I saw a Psychiatrist in my GIC in the first few (and probably the only) warm sunny days of September here in the UK. The plane trees in London were full and green and I went out to see an evening show wearing a sleeveless dress and no cardigan. Its mid October now.  Where I live and work here in Wales, the fields around about have been white and thick with hailstones.  As we’re by the sea, the leaves have mostly been blown off the trees and I’m in leggings and a long warm cardigan. I’m still waiting.

My Psychiatrist had taken one look at my hormone levels and pronounced the testosterone way too high and the oestrogen way too low.  No surprises there. My conservative endocrinologist, remarkably unsupportive of my transition had insisted on the lowest dose he could prescribe of estradiol patches.  It was welcome to hear what medication I SHOULD be on.  My psychiatrist would write to my doctor and advise of the changes that need to be made to bring my hormone levels into line with what is required before I have my surgical referral (4 months time).  A month and a half later and my doctor is still waiting for the letter.  As instructed I had checked with my doctor after 4 weeks and almost every couple of days since then.  I rang the GIC.  The letter, I am assured was sent out 4 days ago.  It still hasn’t appeared on my medical notes yet as it needs scanning in (if indeed it really has arrived), still waiting.

still waiting

When I do see my doctor, hopefully before the end of the week, I still have to make sure that he is willing to actually prescribe what someone else in a hospital hundreds of miles away has suggested.  I’m still waiting and hoping that my doctor won’t defer to my unsupportive endocrinologist for further advice, delaying things even more.  I’m still waiting and hoping that my Psychotherapist based in yet another hospital 50 miles away will support me by writing to my doctor to ask for a change of endocrinologist.  I’m exhausted and drained with waiting….

I shouldn’t complain or should I?  This latest waiting period comes after 6 long years of waiting and being passed from one person to another within the creaking health care system we have in Wales, UK.  I know that I should be lucky that I seem to be beginning to come to the end of what has been a very long wait indeed.  I shouldn’t be surprised at the delays and problems caused by lack of money and too few doctors having to work too hard for too many patients.  Like the shy girl in the Diana Ross song I guess that I’ve waited patiently for what some day must surely come.  I’ve had a life to live in the meantime, a family to raise and seven blissful years of being a woman anyway in the meantime.  Today I guess I’m feeling a bit impatient. I’m beginning to feel I’ve had enough of waiting (stamps her foot).  I just want the next bit of my life to start.  Here’s hoping!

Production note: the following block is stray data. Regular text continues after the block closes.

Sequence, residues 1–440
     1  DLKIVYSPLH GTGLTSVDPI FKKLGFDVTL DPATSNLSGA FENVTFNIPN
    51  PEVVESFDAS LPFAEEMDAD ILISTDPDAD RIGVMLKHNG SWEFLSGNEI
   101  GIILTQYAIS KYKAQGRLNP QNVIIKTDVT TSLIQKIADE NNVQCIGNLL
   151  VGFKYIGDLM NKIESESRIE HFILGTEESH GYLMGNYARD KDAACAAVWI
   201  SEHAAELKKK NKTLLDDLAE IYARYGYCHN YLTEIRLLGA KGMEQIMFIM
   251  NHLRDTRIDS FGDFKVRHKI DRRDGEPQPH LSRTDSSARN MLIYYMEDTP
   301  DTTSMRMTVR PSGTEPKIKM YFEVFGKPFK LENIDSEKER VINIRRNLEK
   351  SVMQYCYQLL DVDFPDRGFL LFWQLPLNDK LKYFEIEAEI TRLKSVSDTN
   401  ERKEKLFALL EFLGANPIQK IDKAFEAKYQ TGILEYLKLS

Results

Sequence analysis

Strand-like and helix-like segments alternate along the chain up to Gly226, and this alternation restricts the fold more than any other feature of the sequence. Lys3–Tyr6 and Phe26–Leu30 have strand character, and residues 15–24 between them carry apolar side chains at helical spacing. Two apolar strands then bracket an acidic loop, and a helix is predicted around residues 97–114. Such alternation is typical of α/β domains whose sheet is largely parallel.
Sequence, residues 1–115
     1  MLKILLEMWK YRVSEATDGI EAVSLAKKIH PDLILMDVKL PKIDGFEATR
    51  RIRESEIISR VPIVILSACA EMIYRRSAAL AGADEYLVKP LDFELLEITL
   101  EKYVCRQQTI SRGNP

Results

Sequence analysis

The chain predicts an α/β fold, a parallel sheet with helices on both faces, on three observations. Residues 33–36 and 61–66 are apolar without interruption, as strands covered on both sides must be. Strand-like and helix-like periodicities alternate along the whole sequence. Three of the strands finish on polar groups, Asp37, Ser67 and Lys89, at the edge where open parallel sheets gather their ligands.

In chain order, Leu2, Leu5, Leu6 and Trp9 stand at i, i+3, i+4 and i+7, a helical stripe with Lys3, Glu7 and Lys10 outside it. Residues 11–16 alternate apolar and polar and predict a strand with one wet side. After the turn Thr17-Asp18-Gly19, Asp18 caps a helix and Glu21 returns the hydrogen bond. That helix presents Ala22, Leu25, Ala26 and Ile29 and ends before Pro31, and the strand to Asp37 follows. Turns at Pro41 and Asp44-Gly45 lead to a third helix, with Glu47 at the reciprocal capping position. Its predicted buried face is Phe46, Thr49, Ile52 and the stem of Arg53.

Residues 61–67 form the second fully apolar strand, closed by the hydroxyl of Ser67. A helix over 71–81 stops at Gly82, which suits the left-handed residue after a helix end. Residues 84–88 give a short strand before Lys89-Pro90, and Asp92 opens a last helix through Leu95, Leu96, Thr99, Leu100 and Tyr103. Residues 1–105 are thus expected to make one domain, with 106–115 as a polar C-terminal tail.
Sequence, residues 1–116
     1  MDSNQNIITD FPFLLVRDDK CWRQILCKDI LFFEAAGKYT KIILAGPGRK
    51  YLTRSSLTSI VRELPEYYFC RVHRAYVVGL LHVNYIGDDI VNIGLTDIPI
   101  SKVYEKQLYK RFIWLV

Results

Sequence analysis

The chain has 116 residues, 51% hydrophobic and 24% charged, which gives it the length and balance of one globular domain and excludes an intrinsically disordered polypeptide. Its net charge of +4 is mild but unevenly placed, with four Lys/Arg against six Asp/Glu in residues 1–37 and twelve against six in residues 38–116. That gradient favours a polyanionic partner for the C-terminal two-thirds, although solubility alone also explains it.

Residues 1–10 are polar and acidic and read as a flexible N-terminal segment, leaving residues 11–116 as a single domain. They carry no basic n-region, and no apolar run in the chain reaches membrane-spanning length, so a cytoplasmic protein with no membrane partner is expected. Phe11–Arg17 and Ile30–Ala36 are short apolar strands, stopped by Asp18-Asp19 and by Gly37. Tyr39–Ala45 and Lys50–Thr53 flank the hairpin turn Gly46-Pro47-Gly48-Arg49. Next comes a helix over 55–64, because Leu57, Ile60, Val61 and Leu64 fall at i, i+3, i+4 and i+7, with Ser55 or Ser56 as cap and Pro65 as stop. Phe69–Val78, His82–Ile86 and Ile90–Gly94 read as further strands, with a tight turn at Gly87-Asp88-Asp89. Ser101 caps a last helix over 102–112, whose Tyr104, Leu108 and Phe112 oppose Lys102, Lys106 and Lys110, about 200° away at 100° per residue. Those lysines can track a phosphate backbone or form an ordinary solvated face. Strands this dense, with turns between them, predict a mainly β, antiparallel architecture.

As a frustrated postscript to this blogpost I visited my doctor this morning.  No letter has materialised almost a week after it was supposed to be sent. This left me talking amicably to my dear old physician about transition and frustration, the past and the future as well as all the waiting….He promised to get someone to fax the GIC and request a 2nd copy of the letter, so, until then, I’m still waiting,

Thursday, October 13, 2011

Being a Transgendered Musician

Why would a girl in a low paid undervalued day job want to consider herself a musician?  Good question and one I keep asking myself over and over again. I am after all, a long way from earning my first million, or even my first thousand.  Why bother, it’s such an effort and being a Mom and a Teacher’s Assistant leaves precious little time for anything else apart from coping with life.  ‘Coping’ that’s a word that comes up all the time in my therapy sessions usually in the form of ‘How are you coping?’  I always get asked about whether I’m keeping any time and space for myself.  Music happens to be my coping strategy, confined to that 2% of my time that is ‘coping with life’.